Another group of descriptors that works for arkai and jacks is all about being the party face in negotiations and making nice. Adaptable (navigating social interactions), Articulate (making plans and persuading people, so useful in communities as well), Cheerful (making friends and influencing people), Curious (seeing through lies and mysteries), Exacting (unpleasant but truth-detectors), Irrepressible (enthusiastic, if gullible), Meddlesome (poking your nose where it doesn’t belong), and Serene (unreadable and unflappable) are all in this category.
The last category works well for nanos, wrights, delves, and others who are focused on projects. This might be numenera-crafting or study but it can equally apply to building settlements, solving mysteries, or other long-term tasks of lore and study. This includes Committed (good at doing the same thing and stamina), Confident (flexible skill training), Cultured (also flexible with the ability to spot flaws and issues), Empirical (excellent with study and testing), Imaginative (for creative projects), Industrious (for stay-with-it-ness), Obsessive (for one project in particular), Optimistic (never let setbacks trip you up), Organized (an orderly mind is a productive mind), Persevering (for quest-type projects),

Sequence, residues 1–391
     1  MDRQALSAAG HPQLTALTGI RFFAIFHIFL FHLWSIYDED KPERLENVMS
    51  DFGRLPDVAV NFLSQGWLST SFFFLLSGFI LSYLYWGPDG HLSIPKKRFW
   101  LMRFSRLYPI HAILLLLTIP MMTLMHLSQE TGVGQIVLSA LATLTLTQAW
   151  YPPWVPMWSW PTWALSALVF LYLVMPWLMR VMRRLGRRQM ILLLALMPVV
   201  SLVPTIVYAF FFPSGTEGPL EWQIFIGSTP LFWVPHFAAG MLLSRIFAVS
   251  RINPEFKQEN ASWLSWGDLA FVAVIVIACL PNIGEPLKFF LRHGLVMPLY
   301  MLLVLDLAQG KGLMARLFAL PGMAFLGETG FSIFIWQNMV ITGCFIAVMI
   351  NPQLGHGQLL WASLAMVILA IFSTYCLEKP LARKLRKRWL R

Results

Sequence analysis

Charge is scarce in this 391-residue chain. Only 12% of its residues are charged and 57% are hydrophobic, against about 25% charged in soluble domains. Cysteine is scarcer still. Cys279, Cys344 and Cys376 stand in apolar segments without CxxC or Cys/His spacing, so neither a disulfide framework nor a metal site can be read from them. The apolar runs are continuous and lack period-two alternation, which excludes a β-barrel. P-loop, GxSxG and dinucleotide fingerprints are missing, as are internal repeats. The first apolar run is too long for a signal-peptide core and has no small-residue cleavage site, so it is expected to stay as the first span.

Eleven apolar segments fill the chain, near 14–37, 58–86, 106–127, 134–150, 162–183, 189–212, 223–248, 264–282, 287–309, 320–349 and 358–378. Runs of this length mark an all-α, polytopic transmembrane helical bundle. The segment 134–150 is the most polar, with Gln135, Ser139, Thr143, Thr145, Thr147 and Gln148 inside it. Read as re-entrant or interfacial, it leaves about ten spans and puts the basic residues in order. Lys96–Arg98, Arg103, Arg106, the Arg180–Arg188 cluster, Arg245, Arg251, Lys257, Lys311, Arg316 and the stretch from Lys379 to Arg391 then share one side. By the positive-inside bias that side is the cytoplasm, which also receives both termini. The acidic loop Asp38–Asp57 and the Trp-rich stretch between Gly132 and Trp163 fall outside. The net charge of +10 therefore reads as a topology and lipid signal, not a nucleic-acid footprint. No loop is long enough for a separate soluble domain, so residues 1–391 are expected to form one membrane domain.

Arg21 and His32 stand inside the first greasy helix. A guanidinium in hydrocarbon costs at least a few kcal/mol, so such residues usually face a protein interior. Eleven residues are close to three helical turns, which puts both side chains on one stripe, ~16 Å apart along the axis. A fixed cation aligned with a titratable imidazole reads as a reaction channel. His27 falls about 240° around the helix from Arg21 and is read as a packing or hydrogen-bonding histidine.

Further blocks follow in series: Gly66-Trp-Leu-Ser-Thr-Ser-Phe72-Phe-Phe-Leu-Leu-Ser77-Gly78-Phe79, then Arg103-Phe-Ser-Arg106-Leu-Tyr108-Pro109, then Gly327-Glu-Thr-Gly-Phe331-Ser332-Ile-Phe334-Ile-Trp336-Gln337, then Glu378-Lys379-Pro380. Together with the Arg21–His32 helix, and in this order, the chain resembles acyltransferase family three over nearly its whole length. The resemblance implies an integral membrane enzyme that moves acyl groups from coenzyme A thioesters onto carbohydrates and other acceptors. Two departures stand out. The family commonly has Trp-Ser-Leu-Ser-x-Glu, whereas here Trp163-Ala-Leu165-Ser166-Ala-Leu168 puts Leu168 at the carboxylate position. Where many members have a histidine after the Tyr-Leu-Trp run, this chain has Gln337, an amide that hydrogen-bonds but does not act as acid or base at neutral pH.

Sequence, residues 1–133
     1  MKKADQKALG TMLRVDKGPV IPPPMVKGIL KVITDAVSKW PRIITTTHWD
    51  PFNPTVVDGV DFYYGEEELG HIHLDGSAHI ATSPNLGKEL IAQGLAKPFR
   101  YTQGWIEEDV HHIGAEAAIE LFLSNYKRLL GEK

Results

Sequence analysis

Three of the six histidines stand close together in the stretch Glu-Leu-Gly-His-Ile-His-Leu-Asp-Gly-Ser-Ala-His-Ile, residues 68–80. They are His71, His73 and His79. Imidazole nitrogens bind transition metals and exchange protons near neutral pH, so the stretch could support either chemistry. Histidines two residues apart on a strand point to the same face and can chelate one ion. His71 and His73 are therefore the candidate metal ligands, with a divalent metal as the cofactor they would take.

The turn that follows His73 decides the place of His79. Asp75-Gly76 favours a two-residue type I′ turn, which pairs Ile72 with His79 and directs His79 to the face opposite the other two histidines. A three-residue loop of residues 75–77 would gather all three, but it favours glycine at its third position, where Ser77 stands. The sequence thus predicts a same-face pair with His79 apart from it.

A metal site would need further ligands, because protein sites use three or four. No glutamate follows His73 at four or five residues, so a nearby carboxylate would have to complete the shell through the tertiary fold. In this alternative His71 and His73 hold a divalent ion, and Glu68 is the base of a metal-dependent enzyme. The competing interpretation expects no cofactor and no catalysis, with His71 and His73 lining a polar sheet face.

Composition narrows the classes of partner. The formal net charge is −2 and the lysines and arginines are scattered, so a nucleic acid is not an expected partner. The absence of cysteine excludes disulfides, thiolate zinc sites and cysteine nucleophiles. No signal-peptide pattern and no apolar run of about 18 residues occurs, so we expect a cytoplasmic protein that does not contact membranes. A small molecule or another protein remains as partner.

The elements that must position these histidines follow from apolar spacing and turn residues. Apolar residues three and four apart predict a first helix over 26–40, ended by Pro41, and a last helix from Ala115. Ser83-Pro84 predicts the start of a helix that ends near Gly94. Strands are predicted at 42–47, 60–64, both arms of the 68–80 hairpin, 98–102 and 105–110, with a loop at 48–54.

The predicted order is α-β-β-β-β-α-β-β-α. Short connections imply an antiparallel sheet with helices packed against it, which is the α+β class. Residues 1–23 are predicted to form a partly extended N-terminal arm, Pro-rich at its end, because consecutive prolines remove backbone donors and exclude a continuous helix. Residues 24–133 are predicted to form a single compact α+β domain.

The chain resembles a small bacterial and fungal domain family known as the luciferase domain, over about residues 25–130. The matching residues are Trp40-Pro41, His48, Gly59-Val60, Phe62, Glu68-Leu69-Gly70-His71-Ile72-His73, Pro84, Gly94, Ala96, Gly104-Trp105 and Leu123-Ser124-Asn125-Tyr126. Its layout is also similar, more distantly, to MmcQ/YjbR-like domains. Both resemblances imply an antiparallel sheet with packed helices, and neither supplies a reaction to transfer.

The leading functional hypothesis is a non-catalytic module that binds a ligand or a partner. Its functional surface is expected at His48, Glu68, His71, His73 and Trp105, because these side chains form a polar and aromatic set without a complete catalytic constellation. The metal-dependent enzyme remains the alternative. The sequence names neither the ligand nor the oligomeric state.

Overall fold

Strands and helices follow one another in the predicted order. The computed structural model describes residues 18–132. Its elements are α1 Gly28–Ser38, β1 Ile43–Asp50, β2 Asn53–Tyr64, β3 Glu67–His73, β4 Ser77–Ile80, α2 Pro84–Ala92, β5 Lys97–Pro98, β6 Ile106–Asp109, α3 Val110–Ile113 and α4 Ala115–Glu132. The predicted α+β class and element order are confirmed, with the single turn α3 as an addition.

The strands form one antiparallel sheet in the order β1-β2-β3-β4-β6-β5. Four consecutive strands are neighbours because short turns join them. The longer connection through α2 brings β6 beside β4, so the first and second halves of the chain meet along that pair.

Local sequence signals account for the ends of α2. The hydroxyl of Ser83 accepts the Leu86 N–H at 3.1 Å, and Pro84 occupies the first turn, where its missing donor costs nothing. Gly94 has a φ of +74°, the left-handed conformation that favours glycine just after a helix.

A few remaining ones don’t quite fit any category but they are interesting and useful regardless: Forward-Thinking (good initiative and gambling), Risk-Taking (pushing your luck in a game-mechanic sense), and Vicious (bloodthirsty horror).
EDIT: I asked for feedback and reader Garth Cummings took me up on it! I looked through Numenera sources but Garth found some of these in other Cypher books. “Beneficent, Heroic, and Lawful appeared in both Gods of the Fall and Expanded Worlds, and Empirical was in Predation. Earnest, Meddlesome, Relentless, and Serene were also in Expanded Worlds.” So, you can find forms of this elsewhere.
Out of the thirty two foci in this book, there are eleven that appeared in some form before. Most of them come from the Character Options book, though all have the same sorts of updates as in Discovery (including the ability options at Tier 3 and Tier 6): Battles Automatons, Defends the Weak, Fuses Mind and Machine, Hunts Abhumans, Metes Out Justice, Needs No Weapons, Never Says Die, and Sees Beyond. There is also one focus from Character Options 2 (Absorbs Energy), the Leads focus from the Numenera core book, and another from the Cypher System Rulebook (Moves Like a Cat). This leaves twenty one brand new foci, which is almost equal to the twenty eight reworked ones that appear in Numenera Discovery. Lots of options here.